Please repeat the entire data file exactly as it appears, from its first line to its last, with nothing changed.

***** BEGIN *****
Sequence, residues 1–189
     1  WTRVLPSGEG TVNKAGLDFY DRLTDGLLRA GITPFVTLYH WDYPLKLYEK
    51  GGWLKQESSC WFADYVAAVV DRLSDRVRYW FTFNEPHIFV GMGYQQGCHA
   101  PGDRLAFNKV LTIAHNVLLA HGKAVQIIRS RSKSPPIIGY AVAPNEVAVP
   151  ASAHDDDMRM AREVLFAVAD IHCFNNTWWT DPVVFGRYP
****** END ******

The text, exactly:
Sequence, residues 1–189
     1  WTRVLPSGEG TVNKAGLDFY DRLTDGLLRA GITPFVTLYH WDYPLKLYEK
    51  GGWLKQESSC WFADYVAAVV DRLSDRVRYW FTFNEPHIFV GMGYQQGCHA
   101  PGDRLAFNKV LTIAHNVLLA HGKAVQIIRS RSKSPPIIGY AVAPNEVAVP
   151  ASAHDDDMRM AREVLFAVAD IHCFNNTWWT DPVVFGRYP